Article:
Page open to young Wanted in Rome readers.
This pretend-interview with Judy Boone, a character with Asperger’s Syndrome from The Curious Incident of the Dog in the Night Time, was written by 14-year-old Gennaro Fusillo whose English Literature class at Marymount International School has been studying the 2003 mystery novel by British writer Mark Haddon. The book has also been adapted into an acclaimed theatrical production, by Simon Stephens and directed by Marianne Elliott, which has been staged at both Broadway and the West End, winning seven Olivier Awards including Best Play.
I arrived at Mrs Boone’s house at three o’clock. After I rang the doorbell twice, she opened the door and welcomed me in with a nervous smile. It was quite obvious that she was feeling uncomfortable and that she wanted to make a good impression on me. She led me to her living room and invited me to sit down. Then she asked me if I wanted a cup of tea. I gratefully accepted and waited a few minutes while she brought it. When she finally sat down, I noticed that she was wearing a lilac dress with pink flowers. Her hair was tied behind her ears, but a few strands of brown hair had escaped and framed her face. I couldn’t help but notice that she was fidgeting with her hands, and she kept looking around the room as if to check that everything was in order. After a few pleasantries designed to put her at ease, I decided to start my interview.
Q: When was the first time you noticed that your son was affected by Asperger’s syndrome?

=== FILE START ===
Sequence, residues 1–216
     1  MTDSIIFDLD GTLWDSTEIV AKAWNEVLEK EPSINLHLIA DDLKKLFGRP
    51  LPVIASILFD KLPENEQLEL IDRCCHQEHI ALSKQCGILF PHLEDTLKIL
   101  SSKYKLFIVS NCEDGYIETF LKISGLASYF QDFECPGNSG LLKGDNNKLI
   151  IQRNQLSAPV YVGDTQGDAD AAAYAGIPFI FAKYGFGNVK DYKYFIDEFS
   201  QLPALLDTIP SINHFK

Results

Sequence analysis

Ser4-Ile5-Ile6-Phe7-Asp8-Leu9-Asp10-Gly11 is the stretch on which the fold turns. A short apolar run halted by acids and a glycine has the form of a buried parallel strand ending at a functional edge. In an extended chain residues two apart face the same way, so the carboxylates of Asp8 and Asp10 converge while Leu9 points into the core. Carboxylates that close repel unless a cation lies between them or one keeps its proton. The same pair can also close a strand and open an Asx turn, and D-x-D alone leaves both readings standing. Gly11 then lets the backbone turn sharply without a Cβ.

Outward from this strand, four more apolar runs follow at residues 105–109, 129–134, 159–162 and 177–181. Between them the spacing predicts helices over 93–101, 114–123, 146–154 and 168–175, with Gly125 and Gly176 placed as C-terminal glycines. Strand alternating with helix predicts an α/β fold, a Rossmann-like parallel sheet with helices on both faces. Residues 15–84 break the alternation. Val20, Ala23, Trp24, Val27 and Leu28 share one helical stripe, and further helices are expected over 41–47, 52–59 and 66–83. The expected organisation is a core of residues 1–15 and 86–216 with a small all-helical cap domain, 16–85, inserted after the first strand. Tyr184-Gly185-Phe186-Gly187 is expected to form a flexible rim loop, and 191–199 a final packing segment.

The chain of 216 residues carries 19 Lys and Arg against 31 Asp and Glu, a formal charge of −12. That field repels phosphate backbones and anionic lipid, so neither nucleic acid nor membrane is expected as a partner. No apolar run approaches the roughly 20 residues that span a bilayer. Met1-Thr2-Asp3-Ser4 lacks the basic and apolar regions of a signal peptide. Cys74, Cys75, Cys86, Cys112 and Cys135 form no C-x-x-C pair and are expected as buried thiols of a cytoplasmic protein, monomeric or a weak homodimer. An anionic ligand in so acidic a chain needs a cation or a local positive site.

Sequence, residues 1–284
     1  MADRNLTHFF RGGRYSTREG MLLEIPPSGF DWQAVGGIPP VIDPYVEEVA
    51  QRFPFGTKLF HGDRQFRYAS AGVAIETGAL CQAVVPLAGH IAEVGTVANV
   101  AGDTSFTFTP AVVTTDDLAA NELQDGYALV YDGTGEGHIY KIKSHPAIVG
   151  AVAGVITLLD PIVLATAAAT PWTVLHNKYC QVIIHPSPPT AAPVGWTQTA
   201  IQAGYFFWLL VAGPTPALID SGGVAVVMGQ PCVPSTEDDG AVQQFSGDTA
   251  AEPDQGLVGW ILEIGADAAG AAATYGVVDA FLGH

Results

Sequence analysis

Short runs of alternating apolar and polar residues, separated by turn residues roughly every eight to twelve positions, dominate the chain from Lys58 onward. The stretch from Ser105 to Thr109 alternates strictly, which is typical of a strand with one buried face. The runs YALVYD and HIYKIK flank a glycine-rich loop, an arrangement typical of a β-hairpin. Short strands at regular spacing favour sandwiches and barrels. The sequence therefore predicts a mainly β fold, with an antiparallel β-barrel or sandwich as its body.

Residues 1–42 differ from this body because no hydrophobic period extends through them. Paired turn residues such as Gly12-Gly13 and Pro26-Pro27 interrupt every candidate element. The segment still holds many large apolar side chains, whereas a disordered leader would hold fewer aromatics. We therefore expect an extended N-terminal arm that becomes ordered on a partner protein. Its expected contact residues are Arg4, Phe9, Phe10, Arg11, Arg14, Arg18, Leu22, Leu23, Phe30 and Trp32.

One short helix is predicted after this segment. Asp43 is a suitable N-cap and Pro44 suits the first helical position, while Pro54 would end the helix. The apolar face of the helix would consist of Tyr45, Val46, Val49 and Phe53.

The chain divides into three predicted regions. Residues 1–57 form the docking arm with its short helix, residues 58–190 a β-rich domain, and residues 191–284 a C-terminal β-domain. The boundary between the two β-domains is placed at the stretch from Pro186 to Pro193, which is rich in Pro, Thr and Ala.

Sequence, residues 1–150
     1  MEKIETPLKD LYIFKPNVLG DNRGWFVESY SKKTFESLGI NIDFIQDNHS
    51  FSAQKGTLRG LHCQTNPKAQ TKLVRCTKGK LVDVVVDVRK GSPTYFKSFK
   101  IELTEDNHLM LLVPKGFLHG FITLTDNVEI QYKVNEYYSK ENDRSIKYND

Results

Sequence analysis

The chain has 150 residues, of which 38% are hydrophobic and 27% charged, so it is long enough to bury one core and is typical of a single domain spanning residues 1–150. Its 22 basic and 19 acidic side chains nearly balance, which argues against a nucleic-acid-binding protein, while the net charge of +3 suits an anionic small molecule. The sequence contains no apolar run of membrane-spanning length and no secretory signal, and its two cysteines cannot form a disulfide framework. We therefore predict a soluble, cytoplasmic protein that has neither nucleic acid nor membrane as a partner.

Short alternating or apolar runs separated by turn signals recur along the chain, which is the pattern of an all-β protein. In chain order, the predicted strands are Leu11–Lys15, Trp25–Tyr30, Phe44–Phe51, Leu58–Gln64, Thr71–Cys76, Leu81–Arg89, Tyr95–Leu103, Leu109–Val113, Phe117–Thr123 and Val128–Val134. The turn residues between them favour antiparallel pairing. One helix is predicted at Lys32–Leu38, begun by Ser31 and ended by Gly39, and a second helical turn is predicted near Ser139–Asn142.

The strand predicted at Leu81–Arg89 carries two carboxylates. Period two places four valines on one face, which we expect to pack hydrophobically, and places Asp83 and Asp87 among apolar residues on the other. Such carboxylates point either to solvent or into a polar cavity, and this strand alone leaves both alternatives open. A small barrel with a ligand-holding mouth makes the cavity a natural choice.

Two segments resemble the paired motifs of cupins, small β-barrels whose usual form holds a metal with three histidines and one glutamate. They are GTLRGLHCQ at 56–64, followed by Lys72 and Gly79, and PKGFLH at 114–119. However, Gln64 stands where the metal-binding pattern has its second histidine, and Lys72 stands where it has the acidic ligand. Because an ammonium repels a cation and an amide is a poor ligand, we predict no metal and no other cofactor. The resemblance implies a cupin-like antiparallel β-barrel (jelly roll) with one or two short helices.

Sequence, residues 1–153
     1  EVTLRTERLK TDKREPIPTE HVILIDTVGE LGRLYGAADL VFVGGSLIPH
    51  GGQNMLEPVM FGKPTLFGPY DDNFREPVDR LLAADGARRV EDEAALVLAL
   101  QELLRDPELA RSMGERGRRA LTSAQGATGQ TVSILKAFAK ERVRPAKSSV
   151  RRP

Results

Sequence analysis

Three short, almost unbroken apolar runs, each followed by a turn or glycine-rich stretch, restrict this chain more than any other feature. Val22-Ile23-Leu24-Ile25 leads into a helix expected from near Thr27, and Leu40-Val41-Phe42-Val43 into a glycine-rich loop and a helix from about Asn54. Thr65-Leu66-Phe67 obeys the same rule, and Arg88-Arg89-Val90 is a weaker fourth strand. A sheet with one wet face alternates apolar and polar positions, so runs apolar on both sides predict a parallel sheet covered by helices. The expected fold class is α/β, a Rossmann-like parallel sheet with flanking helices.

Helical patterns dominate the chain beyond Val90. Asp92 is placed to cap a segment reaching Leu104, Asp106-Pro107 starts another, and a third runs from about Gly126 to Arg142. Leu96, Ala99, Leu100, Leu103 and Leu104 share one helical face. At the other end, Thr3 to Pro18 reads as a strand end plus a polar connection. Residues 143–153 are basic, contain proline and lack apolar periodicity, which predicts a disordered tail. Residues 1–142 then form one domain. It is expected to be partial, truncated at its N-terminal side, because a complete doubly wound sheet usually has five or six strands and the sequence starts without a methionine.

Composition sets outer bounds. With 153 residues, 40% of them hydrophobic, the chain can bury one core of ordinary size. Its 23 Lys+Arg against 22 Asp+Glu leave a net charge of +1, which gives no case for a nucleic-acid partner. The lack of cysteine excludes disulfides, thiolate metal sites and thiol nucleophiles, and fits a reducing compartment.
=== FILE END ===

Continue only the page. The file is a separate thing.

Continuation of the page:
A: I don’t really remember the exact moment. I started seeing different signs when he was just a little boy. However, I think the moment he started kindergarten, everything became clear. The teachers called us because they noticed that he wouldn’t interact with the other children, and that he would even hit them if they got too close to him or tried to touch him. So, my ex-husband and I decided to take him to the doctor and that’s when we found out the truth.
Q: What was your favourite memory of Christopher growing up?
A: I vividly remember a Christmas we bought Christopher a train set. He was so happy he refused to go to sleep that night because he wanted to keep playing. He was obsessed with it for a while. Ed and I explained to him about timetables and he loved that part so much he made his own. You see, he always likes to know the exact time. This is probably my favourite memory of him as a child.
Q: Was it difficult to raise a child with this condition? What was the hardest part?
A: Yes, raising a child with this condition wasn’t easy. For a very long time I believed I wasn’t a good enough mother to Christopher, but the truth is I did my best. Ed was always better at it than I was. Christopher wasn’t an easy child to bring up. He frequently threw tantrums, for example, when I had to prepare his meals. I don’t know if you know this, but Christopher hates the colours yellow and brown, so he always refused to eat anything with that colour. I admit that it was very tiring for me at times. The worst part was that I
couldn’t explain my feelings to him so we always ended up arguing.
Q: I know that you left your family a few years ago. Do you regret your decision?